public Rectangle(){
	this.length = 1.0;
	this.width = 1.0;
}

Notice that we used the modifier this to denote the class attribute and not a local variable length. This is not a must, but it will make you life easier and in some cases save you a lot of time figuring out why things are not working like you except. The constructor we have is the empty constructor. It is not a must, like I said. If you do not write a constructor, Java will inherit one from the generic Class definition. That means that nothing will happen beside Java giving your variable an address.

Moving forward (or downward) in our list we need a getter and setter for each attribute. Remember a few paragraphs ago I mentioned something about data integrity? This is where the getter and setters com in to play. They act as a buffer between the user and the values of the attributes. In the case of getters they just return the value (normally). In the case of setters we can modify the actual attribute only if it is an acceptable value. In our case we can write our setters such that if the values are less than 1.0 or more than 10.0 the value of the Object is not set. Let’s take a look:

Here are our getters:


public double getLength(){
	return this.length;
}

public double getWidth(){
	return this.width;
}

And here are the setters:


public void setLength(double length){
	if((length >= 1.0) && (length <= 10.0))           	this.length = length; } public void setWidth(double width){ 	if((width >= 1.0) && (width <= 10.0))
          	this.width = width;
}

That was not so bad, was it? Before we move on to testing we have to complete 1 more task, writing a method for computing perimeter and area. That should be really straight forward.


public double perimeter(){
	return 2 * (this.length + this.width);
}

public double area(){
	return this.getLength() * this.getWidth();
}

You will notice that in the perimeter method we used this to access the variables, while in the area method we used the getters. Both styles are ok and will yield the same results. This was done for educational purposes only.

So now we are done with our class and can move on to testing. Wrong! I highly recommend you take the time to write a debug toString() method. Why? you will thank me later. Here is my toString() for Rectangle:


public String toString(){
	return "Length: " + this.length +"\tWidth: " + this.width;
}

It may seem simple, but later when you are dealing with multiple classes, it is nice to just be able to print them. Let us try to actually use our class. We are going to use a Scanner for user input and standard user output (terminal screen). Here is a simple Main I put together. If you find it useful here is a link to Java Rectangle Class.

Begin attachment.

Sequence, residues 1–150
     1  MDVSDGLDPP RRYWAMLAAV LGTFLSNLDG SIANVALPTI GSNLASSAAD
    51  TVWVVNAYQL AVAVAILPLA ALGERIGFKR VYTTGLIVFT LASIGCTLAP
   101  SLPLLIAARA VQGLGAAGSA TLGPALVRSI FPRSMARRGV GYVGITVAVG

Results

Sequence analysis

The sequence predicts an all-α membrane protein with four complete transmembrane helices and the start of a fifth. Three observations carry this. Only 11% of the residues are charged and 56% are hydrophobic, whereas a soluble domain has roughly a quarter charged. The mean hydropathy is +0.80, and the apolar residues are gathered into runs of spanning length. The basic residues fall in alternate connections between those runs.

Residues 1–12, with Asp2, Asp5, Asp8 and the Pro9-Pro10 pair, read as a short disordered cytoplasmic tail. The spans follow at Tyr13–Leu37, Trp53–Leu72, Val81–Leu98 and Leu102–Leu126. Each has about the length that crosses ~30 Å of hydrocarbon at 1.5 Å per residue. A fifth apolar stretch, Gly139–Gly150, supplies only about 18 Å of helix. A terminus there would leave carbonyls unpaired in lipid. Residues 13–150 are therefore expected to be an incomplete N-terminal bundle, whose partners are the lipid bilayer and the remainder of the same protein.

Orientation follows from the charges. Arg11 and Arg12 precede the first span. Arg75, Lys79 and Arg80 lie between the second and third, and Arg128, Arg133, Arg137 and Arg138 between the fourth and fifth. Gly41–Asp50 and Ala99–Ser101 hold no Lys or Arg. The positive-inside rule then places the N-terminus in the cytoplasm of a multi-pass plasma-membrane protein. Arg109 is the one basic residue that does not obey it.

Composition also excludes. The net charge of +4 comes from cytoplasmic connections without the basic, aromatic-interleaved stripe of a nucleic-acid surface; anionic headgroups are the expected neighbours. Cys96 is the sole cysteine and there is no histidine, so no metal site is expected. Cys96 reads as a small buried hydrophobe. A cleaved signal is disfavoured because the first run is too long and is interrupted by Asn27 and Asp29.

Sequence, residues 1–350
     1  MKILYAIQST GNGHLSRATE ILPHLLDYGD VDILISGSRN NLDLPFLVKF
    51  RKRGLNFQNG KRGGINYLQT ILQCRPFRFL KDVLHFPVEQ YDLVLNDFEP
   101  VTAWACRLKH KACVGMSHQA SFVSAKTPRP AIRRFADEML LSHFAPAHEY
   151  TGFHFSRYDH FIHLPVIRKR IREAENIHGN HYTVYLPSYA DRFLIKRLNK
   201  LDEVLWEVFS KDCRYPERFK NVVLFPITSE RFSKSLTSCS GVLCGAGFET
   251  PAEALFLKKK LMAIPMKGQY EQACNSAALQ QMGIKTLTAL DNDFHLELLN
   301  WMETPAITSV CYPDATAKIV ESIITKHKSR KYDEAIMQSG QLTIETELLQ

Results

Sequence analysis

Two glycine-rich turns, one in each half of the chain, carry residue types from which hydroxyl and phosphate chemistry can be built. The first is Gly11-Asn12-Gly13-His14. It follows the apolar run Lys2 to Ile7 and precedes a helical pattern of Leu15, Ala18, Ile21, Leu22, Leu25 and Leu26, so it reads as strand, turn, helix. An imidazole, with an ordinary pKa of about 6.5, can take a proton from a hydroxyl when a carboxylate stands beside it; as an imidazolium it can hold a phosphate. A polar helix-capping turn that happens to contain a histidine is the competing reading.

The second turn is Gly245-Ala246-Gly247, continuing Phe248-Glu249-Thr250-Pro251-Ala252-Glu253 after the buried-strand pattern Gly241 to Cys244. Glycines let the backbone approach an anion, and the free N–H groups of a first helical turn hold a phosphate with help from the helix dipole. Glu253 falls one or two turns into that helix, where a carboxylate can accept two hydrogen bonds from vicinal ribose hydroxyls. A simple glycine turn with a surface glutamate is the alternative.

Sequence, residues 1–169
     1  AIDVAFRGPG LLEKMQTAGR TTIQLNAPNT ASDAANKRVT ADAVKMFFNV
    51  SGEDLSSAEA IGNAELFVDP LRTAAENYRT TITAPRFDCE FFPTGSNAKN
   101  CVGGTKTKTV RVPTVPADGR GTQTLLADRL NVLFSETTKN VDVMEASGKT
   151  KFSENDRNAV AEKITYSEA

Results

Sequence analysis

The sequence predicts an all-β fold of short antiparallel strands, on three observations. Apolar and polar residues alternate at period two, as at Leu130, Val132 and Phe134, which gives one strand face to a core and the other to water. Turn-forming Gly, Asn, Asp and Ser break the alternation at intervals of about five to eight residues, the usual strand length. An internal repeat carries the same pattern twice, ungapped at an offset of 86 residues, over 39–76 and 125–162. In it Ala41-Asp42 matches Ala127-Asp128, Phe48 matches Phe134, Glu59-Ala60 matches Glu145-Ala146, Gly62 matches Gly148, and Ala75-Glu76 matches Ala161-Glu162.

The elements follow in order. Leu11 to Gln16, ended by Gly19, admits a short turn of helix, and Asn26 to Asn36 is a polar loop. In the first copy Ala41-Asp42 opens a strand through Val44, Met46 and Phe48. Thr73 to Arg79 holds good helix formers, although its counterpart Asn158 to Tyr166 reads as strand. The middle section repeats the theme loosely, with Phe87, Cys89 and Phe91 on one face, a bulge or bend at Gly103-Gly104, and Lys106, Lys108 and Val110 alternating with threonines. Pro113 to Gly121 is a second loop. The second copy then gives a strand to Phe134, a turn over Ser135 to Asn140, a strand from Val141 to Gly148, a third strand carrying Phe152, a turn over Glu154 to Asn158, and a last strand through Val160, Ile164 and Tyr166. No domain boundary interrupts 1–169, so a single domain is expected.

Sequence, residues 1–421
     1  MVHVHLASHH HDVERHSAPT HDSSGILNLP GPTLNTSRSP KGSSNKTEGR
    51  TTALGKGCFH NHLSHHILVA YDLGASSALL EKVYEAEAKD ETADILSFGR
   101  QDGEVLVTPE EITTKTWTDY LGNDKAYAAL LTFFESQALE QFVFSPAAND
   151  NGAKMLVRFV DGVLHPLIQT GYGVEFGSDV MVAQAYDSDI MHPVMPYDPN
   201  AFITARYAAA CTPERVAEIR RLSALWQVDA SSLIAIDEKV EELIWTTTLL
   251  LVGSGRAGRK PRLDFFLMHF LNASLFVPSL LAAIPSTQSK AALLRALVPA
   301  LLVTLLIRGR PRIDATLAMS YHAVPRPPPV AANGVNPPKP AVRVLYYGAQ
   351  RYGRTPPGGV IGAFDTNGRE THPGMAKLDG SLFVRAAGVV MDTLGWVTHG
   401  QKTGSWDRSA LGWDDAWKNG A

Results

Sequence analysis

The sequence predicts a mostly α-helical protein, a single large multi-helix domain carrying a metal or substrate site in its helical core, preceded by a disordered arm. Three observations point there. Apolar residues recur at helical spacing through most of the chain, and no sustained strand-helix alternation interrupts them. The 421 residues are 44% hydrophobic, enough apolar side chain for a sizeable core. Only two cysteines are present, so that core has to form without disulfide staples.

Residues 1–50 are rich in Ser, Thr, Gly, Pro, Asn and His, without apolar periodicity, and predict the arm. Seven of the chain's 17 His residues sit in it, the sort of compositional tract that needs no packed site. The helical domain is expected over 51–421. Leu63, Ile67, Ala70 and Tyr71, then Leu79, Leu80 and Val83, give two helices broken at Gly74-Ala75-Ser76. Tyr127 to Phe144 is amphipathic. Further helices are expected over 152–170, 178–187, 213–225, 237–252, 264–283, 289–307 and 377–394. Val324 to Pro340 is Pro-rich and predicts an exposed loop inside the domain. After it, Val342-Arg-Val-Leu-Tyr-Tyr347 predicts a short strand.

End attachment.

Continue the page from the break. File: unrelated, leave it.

public static void main (String[] args)
{

	Scanner userInput = new Scanner(System.in);
	Rectangle r = new Rectangle();

	System.out.print("Enter a length >>> ");
	r.setLength(userInput.nextDouble());

	System.out.print("Enter a width >>> ");
	r.setWidth(userInput.nextDouble());

	System.out.println("The Rectangle with the following attributes: \n" + r);
	System.out.println("Has perimeter is:  " + r.perimeter() + " and area is:  " + r.area());

}

And the output:

wpid-java_rectangle_output-2013-10-18-00-49.png

That is all. Easy isn’t it?

Computer Programming I

Computer Programming I

September 4, 2012

After writing about the content of Computer Programming III and writing the assumptions for that, I had a friend take a look. The most obvious problem was that I didn't define part I and II. So the following is what I would use as a syllabus for Computer Programming I.

 

Please NOTE: The associated web pages with Computer Programming I are for absolute beginners. The key audience for these pages are people who want to start programming. Although some of the post may be relevant for non-beginners, please be patient when reading. As always if you find any errors, please do point them out via email or in the comments.

 

Assumptions

Going back to My first assumptions, the following assumptions still hold true.

Assumption #0: You can read and write.

Assumption #3: You have Internet access.

Assumption #4: MATH.

Assumption #5: Hardware & Software.

 

The main purpose of Computer Programming I is to peak your interest. By the end of the first programming class you should be at a point where Assumption #2: You want to know more is a constant. You will learn about what programming can do and what are the limitations. That being said, you will not get to a point where you need a super fast computer, or run out of memory. You might get the computer to freeze, but not because of computation. Before I get to the syllabus and the specific topics, the following are the topics in no particular order.

Topic #0: Basic Building Blocks. This is the most fundamental programming. types, conditionals, program flow, basic proof, etc. This is will give you all the tools to start writting programming.

Topic #1: Functions. I can not explain how important this part is. Ask any programmer in any language. Functions will become the biggest tool in you arsenal.

Topic #2: Object Oriented Programming.  An introduction to OOP concepts and basic maneuvering.